Mort interjected, stating “- And that doesn’t mean it has to be made less funny either.” Takahashi continued, stating “Not at all, we can work in something even better, sometimes!”
Other answers revealed they did not keep in contact with Nihon Falcom “much” during text localization (bar questions involving issues such as character limits, “logistics stuff,” and back-end programming), but they then start to talk “all the time” once quality assurance begins.
When asked (at 01:03:36) if there were any edits or translations either of them were particularly proud of. Mort stated his were the “self-assertion panels”- DLC for manga-style speech bubbles as a cosmetic option.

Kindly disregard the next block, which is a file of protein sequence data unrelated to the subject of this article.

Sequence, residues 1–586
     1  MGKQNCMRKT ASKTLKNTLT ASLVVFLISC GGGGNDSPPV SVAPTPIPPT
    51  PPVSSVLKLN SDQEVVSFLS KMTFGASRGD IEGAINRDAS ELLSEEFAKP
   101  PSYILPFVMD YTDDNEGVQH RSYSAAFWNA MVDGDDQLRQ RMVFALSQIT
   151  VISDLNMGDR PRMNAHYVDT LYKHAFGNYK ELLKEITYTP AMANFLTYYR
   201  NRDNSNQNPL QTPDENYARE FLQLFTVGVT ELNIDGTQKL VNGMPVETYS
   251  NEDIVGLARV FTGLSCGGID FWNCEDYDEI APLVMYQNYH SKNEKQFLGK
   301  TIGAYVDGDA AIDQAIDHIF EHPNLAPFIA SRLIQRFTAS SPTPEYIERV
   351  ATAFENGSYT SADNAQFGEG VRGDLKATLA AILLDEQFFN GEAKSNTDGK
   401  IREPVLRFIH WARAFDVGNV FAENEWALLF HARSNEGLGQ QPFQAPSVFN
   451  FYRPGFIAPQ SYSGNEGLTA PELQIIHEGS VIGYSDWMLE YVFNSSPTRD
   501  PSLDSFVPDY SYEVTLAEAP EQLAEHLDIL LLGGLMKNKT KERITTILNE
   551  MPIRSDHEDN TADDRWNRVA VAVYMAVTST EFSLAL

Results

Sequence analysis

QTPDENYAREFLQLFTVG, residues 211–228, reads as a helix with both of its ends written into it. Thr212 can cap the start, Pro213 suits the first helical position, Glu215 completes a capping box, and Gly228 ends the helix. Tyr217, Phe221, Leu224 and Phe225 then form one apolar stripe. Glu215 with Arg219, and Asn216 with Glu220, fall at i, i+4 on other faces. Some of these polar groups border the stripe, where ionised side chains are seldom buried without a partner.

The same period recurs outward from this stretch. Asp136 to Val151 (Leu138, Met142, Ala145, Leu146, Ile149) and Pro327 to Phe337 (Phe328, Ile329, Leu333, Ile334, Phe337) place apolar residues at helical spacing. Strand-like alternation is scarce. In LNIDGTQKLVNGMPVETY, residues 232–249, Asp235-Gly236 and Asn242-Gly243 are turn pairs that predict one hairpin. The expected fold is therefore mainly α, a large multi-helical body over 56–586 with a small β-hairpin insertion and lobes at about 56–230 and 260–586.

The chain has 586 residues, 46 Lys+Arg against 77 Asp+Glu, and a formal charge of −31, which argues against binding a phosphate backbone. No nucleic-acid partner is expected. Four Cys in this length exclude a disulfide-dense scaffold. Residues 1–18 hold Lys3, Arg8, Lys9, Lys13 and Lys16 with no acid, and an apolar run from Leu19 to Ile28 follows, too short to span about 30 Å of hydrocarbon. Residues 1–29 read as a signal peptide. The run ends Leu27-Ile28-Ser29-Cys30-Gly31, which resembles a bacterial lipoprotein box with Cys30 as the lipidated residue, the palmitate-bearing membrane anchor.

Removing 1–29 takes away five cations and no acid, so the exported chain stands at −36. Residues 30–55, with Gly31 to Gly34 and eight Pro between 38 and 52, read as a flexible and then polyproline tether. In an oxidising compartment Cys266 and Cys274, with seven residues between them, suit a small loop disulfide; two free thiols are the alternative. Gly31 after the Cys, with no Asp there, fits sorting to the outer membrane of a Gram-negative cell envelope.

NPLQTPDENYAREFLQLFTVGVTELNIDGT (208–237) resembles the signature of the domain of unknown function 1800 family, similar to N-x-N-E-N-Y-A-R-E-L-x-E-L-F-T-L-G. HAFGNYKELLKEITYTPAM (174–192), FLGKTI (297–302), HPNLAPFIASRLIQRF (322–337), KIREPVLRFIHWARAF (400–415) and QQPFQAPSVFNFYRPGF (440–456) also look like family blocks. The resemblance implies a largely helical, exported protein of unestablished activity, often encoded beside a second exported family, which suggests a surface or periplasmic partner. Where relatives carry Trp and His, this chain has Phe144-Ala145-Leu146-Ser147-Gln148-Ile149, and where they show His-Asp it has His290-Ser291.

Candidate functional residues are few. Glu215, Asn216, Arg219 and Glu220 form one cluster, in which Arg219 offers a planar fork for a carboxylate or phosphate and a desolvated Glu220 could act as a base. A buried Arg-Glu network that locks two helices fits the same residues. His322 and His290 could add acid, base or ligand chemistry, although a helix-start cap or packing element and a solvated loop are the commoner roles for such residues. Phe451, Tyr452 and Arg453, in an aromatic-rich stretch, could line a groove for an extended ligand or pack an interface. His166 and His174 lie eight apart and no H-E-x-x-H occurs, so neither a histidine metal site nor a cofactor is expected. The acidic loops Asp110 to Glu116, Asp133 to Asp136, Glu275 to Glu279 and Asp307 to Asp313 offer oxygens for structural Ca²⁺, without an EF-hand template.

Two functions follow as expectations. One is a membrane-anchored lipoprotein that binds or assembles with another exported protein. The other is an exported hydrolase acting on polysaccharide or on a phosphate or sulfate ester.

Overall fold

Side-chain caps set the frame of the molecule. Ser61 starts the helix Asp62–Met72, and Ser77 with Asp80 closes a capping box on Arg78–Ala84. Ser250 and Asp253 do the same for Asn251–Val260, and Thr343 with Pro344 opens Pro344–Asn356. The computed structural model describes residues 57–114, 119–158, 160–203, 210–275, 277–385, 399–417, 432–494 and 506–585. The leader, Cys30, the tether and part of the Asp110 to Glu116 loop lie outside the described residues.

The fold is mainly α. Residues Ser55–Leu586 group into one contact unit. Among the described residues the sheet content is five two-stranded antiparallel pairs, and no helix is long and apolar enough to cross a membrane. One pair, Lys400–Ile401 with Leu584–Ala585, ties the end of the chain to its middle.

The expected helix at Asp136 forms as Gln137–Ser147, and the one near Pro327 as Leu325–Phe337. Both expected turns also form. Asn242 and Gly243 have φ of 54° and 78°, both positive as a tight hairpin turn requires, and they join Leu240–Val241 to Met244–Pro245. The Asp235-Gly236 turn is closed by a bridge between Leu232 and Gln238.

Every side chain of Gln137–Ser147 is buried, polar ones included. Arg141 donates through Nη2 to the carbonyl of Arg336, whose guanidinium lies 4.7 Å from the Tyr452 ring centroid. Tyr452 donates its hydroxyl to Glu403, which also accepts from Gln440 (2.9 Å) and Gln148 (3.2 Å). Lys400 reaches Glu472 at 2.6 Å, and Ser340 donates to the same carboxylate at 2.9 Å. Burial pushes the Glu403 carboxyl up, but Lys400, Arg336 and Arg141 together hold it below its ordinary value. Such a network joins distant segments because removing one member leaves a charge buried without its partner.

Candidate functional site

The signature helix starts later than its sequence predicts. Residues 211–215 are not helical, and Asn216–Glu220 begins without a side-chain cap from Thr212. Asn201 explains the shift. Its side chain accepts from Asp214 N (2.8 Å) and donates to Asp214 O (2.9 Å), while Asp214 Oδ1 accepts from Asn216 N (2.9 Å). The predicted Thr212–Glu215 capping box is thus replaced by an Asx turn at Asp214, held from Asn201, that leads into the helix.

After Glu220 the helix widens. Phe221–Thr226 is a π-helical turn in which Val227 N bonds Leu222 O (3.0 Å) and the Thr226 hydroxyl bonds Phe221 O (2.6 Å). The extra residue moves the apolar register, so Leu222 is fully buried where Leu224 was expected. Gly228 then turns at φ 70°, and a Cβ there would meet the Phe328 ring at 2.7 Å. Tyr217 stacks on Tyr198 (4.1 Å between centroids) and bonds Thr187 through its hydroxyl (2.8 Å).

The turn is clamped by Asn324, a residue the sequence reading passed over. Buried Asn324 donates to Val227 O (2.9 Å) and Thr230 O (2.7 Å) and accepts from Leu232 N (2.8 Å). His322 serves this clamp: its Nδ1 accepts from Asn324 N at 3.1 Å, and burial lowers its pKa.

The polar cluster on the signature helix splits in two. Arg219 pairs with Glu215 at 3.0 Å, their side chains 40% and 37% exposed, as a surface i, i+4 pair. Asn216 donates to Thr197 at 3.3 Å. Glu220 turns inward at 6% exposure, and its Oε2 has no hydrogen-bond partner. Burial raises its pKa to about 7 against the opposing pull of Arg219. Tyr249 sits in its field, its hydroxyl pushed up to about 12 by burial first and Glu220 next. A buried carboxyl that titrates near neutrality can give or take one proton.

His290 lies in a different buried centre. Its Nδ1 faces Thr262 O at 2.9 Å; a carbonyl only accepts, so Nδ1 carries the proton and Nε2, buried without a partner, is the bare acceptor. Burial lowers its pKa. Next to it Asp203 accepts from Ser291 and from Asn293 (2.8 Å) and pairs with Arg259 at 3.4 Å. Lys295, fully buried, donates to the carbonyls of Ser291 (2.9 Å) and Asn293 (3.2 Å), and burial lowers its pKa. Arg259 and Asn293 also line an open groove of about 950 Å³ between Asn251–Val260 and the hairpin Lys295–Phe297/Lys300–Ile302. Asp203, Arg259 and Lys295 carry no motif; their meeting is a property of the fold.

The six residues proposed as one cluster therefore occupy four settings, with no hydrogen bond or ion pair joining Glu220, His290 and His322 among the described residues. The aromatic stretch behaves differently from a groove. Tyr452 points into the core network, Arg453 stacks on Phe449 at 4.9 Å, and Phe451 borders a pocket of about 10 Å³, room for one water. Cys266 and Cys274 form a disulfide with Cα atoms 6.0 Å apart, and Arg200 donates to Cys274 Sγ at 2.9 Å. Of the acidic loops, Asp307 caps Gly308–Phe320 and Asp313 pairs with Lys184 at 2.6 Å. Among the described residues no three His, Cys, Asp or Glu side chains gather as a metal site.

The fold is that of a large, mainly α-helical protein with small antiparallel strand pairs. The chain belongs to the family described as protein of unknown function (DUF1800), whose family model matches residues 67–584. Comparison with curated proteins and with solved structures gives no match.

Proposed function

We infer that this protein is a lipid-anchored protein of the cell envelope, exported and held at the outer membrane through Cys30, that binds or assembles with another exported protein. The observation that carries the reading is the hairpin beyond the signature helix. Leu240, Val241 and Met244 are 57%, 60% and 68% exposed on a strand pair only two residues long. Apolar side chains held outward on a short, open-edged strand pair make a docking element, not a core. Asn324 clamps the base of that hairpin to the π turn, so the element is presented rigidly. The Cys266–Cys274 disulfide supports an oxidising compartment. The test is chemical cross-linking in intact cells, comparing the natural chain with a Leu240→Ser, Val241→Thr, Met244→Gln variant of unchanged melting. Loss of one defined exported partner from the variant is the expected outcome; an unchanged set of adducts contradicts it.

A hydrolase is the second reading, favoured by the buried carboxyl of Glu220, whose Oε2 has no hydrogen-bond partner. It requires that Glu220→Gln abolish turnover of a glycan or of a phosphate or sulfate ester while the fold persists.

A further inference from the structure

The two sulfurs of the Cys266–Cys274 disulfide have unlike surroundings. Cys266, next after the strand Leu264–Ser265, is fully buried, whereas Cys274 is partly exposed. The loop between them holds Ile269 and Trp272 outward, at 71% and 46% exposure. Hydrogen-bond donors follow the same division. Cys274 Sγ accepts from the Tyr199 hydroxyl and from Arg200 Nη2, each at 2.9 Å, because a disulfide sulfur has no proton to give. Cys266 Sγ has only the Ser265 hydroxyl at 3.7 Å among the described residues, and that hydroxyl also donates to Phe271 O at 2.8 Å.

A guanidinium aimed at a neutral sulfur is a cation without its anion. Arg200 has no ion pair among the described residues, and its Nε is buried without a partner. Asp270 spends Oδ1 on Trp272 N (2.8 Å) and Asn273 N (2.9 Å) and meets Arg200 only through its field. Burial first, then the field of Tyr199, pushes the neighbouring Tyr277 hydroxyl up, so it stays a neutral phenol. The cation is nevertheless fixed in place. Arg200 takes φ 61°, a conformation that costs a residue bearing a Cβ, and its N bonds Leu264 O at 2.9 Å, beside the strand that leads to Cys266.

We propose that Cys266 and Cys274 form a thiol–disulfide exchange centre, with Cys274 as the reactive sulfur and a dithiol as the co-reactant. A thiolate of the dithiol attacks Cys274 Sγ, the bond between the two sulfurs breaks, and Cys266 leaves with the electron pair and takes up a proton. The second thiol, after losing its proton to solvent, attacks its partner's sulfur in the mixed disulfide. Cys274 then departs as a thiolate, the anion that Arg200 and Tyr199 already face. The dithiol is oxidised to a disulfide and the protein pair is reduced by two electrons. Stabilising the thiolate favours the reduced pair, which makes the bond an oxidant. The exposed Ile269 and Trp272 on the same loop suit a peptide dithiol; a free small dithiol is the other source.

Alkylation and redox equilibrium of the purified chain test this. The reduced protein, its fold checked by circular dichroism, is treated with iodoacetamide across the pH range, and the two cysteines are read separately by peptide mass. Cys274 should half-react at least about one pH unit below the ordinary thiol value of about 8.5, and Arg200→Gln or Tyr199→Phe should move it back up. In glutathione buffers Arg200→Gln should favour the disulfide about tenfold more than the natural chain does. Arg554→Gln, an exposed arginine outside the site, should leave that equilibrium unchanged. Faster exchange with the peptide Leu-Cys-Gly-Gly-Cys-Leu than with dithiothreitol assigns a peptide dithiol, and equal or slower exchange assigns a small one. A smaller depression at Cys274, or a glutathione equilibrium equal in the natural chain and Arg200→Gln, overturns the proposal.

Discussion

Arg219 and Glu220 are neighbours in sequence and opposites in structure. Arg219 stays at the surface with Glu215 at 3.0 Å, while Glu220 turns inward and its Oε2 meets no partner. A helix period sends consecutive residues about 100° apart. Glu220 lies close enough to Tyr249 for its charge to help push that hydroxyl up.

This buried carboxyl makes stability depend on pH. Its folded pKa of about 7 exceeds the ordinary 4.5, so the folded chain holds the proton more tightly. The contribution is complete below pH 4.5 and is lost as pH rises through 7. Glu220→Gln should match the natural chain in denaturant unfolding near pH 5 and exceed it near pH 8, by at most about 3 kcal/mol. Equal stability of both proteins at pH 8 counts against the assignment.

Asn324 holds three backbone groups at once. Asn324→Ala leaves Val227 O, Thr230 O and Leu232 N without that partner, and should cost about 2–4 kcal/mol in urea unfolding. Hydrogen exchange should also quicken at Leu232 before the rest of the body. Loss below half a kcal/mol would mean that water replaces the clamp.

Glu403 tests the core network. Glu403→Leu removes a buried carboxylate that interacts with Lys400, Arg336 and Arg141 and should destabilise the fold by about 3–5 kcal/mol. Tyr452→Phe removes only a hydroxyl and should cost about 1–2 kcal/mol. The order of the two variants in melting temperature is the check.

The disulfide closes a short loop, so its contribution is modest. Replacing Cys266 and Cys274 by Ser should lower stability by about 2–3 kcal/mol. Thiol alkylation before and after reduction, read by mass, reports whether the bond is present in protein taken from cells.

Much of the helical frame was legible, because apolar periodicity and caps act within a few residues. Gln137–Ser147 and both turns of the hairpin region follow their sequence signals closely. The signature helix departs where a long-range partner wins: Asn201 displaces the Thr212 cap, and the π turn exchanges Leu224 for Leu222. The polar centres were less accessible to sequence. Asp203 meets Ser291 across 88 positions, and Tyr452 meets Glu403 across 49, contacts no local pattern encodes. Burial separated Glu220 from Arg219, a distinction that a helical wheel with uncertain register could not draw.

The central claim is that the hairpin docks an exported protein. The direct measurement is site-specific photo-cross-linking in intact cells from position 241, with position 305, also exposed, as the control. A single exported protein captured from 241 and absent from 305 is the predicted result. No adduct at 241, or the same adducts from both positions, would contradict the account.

Mort explains how in Japanese they were “silly, but didn’t really resonate all that much. So we just decided “let’s make them all a bunch of Trails memes!” ” Takahashi then quipped “Let’s be self-aware about it” while laughing.
The comments caused outrage among fans and gamers who are concerned with censorship, and inaccurate localization. Some expressed their desire to enjoy a Japanese game with Japanese culture, with direct a translation as possible.
Others were concerned that attempting to make things “culturally appropriate” to many different people across many different cultures would be nigh-impossible. Some felt this was merely an excuse to censor the game for other reasons.